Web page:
Why not oak?

Discussion in 'Luthier's Guitar & Bass Technical Discussion' started by fumbler, Sep 26, 2006.

  1. fumbler

    fumbler Member

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    Hi, I've been lurking for a while but this is my first post so be gentle with me!

    I was shopping for hardwood floors with the wife and I saw many of the standard tonewoods represented: the maples, ash, walnut, mahogany and even some of the more exotics like bubinga, korina, zebrawood, etc. (man, that stuff was pricey!) But there was also a ton of oak and it occurred to me for the first time "why are there no oak guitars?" At least I've never seen or heard of one.

    It's certainly widely available and decently priced. Does it sound like poo? Is it impossible to work with or finish the stuff? (But then why is there so much oak furniture?) Is it unstable over time? (But again why the 200-year-old furniture?)

    Anyone know?

    Just curious,
    the fumbler
     
  2. tonezoneonline

    tonezoneonline Member

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    Oak is very heavy and porous.Maple is heave too and that's why you see guitars with maple caps.
     
  3. fumbler

    fumbler Member

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    So why are there no guitars with oak caps?

    There's gotta be some reason related to tone (i.e. it sounds like a cardboard box). Some luthier must have tried it, no? Fer gosh sakes guitars have been made of lucite, aluminum, masonite, plywood, etc.

    Now I'm *really* curious.

    fumbler
     
  4. Killa-B

    Killa-B Member

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    Oak is a shock absorbant wood with long coarse grain. Woods such as these are I believe the opposite of what you'd want in a tonewood. You don't see hickory (used in axe handles) as a tonewood either.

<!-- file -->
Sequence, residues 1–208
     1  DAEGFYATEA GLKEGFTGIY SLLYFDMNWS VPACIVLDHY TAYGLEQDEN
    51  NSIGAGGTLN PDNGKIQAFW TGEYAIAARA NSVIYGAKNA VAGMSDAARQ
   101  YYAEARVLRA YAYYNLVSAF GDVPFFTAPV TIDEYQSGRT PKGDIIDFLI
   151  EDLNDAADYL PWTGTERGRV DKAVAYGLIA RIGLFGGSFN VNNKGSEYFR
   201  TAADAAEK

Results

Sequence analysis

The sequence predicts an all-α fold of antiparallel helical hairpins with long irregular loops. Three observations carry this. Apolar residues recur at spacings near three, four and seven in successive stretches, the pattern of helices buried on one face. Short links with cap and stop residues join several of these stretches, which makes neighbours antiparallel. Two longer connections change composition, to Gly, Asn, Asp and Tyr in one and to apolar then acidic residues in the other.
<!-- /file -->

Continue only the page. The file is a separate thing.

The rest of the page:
5. TAVD

    TAVD Guitar Player Gold Supporting Member

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    Well, Gibson did make that hickory les paul.

    I built a lap steel out of white oak once and it sounded ok but wasn't anything to write home about either. Oak is heavy, not too pretty and not so nice to work with, imo. If used strategically, I'm sure it would work fine though. Maybe as a binding or part of a laminated neck. Some oak burl might make an interesting top.

    Didn't Martin or Taylor make a guitar from pallets? I'd bet they used some oak since that's what is used for pallets.
     
  6. DualRectifier

    DualRectifier Silver Supporting Member

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    Taylor did make a limited run of pallet guitars, made of pallet oak and pine that Bob Taylor got from pallets in the back of the shipping department at the factory. They were $10,000, due to the difficulty of working with oak and pine.

    [​IMG]

    Note the forklift inlay....funny. These guitars had oak neck, back and sides, with a pine top, all from shipping pallets.

    Oak is an ugly, dense wood. Who would want to make a guitar out of it?
     
  7. 57special

    57special Silver Supporting Member

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    Oak is heavy (like ash), but i'm not aware of a lightweight Oak ,i.e. "swamp oak".
    Maple is prized partially for it's tone, but also for it's outstanding figure. Oak is not a heavily figured wood.
     
  8. disaster

    disaster Member

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    Brian May's "Red Special" is oak, iIrc, and made from a fireplace mantle. sounds pretty good to me...
     
  9. QuickDraw

    QuickDraw Member